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NavSource Online: Submarine Photo Archive


Patch courtesy of
BMCS Don McGrogan, USN (ret.)

Haddock (SS-231)

Radio Call Sign: November - Alpha - Echo - Golf

Unit Awards, Campaign and Service Medals and Ribbons


Presidential Unit Citation
Gato Class Submarine: Laid down, 31 March 1941, at Portsmouth Naval Shipyard, Portsmouth, N.H. Launched, 20 October 1941; Commissioned USS Haddock (SS-231), 14 March 1942; Decommissioned 12 February 1947, at New London, CT.; Placed in service in August 1948 as a Naval Reserve Training Vessel in the 6th Naval District; Placed out of service in May 1952; Laid up in the Atlantic Reserve Fleet, New London; Placed in service in June 1956 as a Naval Reserve Training Vessel, at Portsmouth, NH; Placed out of service and struck from the Naval register 1 June 1960; Final Disposition, sold for scrapping 23 August 1960, to Jacob Checkoway. Haddock was awarded 4 Presidential Unit Citations and earned 11 battle stars for World War II service.
Partial data submitted by Yves Hubert.

Specifications: Displacement, Surfaced: 1,526 t., Submerged: 2,410 t.; Length 311' 10"; Beam 27' 3"; Draft 15' 2"; Speed, Surfaced 20.25 kts, Submerged 8.75 kts; Complement 6 officers, 54 enlisted; Operating Depth, 300 ft; Submerged Endurance, 48 hrs at 2 kts; Patrol Endurance 75 days; Cruising Range, 11,000 miles surfaced at 10 kts; Armament, ten 21" torpedo tubes, six forward, four aft, 24 torpedoes, one 3"/50 deck gun, two .50 cal. machine guns, two .30 cal. machine guns; Propulsion, diesel electric reduction gear with four Fairbanks-Morse diesel engines, 5400 hp, Fuel Capacity, 94,400 gals., four Elliot Motor Co., electric motors, 2740 hp, two 126-cell main storage batteries, twin screws.
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Haddock 23k Commemorative post mark on the occasion of the keel laying of the Haddock (SS-231), 31 March 1941, at Portsmouth Naval Shipyard, Portsmouth, N.H. Courtesy of Jack Treutle.
Haddock 434k Mrs. William Henry Allen, Sponsor, and Mrs. J. A. Rossell, Maid of Honor of Haddock (SS-231), Navy Yard, Portsmouth, NH. 20 October 1941. National Archives Identifier: 7788742
Photo courtesy of catalog.archives.gov
Photo added 05/29/17.
Haddock 152k Haddock (SS-231) slides down the launching ways at Portsmouth Naval Shipyard, Portsmouth, N.H. 20 October 1941. USN photo courtesy of ussubvetsofworldwarii.org.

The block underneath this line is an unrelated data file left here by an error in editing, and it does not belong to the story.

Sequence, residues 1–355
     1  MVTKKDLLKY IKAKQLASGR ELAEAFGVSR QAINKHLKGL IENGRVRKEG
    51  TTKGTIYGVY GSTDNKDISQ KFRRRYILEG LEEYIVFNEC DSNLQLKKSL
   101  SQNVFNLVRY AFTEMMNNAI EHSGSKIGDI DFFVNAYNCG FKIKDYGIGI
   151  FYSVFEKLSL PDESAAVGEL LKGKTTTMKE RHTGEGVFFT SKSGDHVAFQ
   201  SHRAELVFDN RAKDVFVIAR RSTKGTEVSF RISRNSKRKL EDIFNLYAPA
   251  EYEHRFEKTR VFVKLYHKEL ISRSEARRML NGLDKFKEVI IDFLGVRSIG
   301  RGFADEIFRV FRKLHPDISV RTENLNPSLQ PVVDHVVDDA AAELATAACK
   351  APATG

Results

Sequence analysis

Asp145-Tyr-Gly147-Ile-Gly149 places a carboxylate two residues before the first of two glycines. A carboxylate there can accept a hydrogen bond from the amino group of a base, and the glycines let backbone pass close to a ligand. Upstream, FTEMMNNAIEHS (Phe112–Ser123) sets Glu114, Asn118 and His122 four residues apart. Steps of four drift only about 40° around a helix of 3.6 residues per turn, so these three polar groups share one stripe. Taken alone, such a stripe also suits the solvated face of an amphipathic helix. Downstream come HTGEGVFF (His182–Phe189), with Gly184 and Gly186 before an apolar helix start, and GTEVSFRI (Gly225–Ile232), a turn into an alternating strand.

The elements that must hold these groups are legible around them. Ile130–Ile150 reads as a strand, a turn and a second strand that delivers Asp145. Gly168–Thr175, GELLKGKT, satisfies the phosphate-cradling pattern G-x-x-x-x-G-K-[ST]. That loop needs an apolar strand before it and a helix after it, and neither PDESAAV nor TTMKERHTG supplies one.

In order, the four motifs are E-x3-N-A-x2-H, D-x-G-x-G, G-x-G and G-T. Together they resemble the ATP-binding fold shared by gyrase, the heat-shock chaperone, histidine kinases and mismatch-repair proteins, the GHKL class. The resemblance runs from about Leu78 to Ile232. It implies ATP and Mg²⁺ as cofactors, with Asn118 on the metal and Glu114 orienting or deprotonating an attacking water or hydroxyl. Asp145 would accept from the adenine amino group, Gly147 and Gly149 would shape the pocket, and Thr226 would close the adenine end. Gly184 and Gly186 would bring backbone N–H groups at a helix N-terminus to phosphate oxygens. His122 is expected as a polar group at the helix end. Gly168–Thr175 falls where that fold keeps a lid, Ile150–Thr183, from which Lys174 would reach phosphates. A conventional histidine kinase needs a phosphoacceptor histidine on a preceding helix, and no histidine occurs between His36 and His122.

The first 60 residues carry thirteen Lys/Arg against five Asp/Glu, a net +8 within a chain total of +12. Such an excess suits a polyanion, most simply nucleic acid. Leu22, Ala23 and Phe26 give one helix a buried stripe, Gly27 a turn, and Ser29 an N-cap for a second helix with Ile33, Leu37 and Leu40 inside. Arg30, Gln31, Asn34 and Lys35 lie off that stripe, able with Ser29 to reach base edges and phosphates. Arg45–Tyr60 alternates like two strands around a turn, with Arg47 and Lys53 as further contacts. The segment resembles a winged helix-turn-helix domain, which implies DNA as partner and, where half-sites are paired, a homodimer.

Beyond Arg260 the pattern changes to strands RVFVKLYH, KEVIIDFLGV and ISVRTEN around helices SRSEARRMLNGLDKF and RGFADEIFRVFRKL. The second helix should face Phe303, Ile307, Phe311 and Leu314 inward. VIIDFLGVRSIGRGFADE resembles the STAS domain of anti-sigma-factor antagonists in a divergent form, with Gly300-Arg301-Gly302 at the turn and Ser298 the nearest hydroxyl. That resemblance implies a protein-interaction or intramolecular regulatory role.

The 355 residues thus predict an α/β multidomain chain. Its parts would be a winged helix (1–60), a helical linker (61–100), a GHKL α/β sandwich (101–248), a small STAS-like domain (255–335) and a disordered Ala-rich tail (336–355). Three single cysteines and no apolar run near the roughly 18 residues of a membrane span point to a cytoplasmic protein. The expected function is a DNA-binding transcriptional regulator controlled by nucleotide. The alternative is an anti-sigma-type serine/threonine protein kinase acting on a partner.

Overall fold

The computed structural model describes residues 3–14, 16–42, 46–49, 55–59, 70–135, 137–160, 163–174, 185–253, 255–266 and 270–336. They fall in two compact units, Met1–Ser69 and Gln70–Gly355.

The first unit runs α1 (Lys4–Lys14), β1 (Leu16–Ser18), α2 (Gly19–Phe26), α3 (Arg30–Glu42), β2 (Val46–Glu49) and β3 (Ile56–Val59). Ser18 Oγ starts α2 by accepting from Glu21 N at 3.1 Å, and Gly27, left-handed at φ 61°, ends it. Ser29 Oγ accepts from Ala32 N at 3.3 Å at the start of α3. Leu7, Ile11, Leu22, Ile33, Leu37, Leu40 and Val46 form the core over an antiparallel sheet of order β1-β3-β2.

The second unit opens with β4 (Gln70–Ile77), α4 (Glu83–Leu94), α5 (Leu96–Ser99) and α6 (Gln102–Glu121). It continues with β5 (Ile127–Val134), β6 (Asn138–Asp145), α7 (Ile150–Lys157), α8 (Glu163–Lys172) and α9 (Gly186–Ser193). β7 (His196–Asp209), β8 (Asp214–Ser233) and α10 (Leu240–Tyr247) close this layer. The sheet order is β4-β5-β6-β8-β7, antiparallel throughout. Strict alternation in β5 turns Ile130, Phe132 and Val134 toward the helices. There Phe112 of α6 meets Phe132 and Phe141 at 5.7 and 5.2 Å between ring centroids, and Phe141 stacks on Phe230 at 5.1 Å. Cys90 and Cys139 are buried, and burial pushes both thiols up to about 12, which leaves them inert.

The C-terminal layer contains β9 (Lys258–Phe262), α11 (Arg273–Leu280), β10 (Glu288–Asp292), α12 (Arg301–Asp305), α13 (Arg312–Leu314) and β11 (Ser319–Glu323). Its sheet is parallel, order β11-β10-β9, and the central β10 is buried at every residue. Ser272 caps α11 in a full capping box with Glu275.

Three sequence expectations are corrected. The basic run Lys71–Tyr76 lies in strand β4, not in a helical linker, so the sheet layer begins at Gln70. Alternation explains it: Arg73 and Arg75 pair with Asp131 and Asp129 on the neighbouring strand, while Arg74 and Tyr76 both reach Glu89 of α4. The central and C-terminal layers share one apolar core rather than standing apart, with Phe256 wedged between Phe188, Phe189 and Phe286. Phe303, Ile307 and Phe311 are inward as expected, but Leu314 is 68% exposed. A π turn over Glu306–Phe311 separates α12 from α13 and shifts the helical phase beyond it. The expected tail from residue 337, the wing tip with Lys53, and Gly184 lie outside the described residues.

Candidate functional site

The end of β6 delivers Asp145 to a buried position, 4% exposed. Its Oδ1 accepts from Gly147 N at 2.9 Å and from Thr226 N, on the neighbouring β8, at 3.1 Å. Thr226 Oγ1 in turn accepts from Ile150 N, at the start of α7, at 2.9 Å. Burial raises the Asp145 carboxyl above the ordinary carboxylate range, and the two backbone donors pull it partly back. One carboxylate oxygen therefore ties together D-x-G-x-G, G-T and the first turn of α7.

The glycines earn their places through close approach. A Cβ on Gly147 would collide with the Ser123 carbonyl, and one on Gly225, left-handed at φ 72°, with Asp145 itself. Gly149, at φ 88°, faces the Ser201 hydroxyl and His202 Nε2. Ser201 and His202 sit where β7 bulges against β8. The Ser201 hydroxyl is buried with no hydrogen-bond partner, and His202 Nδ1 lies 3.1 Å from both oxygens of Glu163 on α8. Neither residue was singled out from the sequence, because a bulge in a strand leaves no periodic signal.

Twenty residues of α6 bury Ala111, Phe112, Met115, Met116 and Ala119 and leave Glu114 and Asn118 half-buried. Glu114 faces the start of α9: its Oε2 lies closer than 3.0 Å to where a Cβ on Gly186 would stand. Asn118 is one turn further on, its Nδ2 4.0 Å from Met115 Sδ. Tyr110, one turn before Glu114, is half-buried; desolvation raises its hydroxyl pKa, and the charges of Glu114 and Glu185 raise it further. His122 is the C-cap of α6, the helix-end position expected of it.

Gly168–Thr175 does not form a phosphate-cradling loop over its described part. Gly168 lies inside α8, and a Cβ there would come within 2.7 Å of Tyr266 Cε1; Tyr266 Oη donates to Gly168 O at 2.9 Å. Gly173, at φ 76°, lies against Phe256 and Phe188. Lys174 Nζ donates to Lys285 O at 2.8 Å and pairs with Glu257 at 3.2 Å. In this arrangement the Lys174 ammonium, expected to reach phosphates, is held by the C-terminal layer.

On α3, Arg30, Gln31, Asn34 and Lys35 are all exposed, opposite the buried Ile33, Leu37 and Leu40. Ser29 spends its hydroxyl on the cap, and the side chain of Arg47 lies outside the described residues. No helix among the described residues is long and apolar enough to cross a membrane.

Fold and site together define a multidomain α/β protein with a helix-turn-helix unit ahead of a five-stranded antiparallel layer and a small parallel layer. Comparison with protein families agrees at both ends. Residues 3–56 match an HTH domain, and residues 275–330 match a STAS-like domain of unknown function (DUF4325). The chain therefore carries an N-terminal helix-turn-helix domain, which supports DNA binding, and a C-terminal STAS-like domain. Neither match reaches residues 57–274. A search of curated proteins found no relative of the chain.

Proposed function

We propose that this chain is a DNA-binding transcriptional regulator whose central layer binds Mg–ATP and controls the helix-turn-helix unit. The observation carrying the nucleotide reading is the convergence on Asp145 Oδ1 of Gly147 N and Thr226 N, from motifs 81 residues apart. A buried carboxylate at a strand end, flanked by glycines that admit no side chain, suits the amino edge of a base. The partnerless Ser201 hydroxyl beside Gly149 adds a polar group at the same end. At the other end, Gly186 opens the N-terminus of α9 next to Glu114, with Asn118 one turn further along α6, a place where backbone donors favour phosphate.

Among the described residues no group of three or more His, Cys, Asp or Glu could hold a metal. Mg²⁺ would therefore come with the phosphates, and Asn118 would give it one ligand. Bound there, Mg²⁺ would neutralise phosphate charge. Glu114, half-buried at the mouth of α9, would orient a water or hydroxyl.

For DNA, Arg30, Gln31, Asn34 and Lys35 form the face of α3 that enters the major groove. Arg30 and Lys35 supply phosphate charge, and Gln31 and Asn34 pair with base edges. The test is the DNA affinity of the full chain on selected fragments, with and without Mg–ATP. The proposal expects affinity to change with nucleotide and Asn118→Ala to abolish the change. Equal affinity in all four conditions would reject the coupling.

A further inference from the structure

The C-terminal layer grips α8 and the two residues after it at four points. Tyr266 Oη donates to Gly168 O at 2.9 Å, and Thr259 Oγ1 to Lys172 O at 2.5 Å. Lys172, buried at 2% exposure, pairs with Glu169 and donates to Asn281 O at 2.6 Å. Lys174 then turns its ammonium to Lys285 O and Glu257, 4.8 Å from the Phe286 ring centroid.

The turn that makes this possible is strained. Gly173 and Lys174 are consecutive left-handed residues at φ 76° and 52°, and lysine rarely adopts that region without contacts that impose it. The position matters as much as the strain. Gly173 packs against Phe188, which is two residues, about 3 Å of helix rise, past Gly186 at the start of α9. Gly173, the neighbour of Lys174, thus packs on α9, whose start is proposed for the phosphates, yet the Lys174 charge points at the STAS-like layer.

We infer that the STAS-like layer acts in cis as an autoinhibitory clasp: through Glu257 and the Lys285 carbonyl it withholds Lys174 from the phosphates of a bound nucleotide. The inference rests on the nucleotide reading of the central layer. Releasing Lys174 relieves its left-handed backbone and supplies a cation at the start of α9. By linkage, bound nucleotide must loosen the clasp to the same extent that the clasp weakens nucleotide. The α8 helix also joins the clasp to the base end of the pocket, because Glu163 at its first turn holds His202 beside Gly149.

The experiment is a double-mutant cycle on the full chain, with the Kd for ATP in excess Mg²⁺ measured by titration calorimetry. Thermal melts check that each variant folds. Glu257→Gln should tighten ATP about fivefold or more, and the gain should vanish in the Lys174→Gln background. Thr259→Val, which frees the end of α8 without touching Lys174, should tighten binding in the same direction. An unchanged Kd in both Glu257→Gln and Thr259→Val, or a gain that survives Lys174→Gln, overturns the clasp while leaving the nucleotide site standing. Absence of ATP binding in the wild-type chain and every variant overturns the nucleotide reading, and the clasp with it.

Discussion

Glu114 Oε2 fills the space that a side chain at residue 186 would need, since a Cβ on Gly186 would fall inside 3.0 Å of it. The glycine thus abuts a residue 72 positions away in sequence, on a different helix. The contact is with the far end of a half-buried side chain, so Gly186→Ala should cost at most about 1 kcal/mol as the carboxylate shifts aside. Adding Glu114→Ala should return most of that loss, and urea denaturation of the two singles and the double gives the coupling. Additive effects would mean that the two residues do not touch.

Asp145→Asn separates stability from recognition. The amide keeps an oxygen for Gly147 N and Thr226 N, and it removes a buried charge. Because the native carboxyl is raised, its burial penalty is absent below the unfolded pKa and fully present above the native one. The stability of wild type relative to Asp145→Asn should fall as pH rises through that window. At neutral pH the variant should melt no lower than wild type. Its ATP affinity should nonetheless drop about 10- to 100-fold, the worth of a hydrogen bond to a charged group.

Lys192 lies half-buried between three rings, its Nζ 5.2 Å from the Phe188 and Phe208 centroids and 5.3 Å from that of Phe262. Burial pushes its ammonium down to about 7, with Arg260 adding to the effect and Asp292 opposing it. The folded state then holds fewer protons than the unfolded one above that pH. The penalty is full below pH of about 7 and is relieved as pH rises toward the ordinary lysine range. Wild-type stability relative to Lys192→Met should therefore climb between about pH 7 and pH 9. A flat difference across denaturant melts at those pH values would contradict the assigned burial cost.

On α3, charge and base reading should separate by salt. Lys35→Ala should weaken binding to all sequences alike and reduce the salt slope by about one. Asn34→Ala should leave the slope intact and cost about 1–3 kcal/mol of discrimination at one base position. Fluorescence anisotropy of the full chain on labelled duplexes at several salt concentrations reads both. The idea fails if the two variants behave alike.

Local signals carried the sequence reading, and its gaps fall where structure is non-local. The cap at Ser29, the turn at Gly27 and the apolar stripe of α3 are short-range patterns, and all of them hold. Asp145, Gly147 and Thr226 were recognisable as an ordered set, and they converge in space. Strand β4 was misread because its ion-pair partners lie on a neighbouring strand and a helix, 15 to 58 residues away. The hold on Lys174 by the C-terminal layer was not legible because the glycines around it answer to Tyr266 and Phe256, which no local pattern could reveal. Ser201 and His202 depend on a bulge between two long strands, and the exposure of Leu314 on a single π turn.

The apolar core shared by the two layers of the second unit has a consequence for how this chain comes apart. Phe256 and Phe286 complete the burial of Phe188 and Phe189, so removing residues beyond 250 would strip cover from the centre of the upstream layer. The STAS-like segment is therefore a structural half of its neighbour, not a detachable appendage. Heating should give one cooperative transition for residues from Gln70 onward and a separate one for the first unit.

Haddock 113k Signal flags flutter from Haddock's (SS-231) yardarm following her launching at Portsmouth Naval Shipyard, Portsmouth, N.H. 20 October 1941. USN photo courtesy of ussubvetsofworldwarii.org.
Haddock 70k Commemorative post mark on the occasion of Haddock's (SS-231) launching at Portsmouth Naval Shipyard, Portsmouth, N.H. 20 October 1941. Photo courtesy of Scott Koen & ussnewyork.com.
Grunion62kU.S. Naval Submarine Base, New London, Groton, Connecticut:
Members of the 4th Command Class at the Submarine Base, February 1942.
Those present are, bottom row left to right:
Lieutenant Commander Mannert L. Abele; first command would be the Grunion (SS-216). He would be K.I.A. while commanding the Grunion, 30 July 1942.
Lieutenant Commander Thomas B. Klakring; first command would be the Guardfish (SS-217),
Commander Karl G. Hensel, Officer in Charge;
Lieutenant Commander George W. Patterson, Jr., Senior Assistant; and
Lieutenant Commander Jesse L. Hull; first command would be the Finback (SS-230).
Top row, left to right:
Lieutenant Commander Howard W. Gilmore; first command would be the Growler (SS-215). He was posthumously awarded the Medal of Honor after he was K.I.A. on the bridge of the Growler, 7 February 1943.
Lieutenant Commander Philip H. Ross; first command would be the Halibut (SS-232),
Lieutenant Commander Arthur H. Taylor; first command would be the Haddock (SS-231),
Lieutenant Commander Albert C. Burrows; first command would be the Swordfish (SS-193) and
Lieutenant Commander Leonard S. Mewhinney; first command would be the Saury (SS-189).
Official USN photo # 80-G-88577, now in the collections of the National Archives. Courtesy of the USNHC.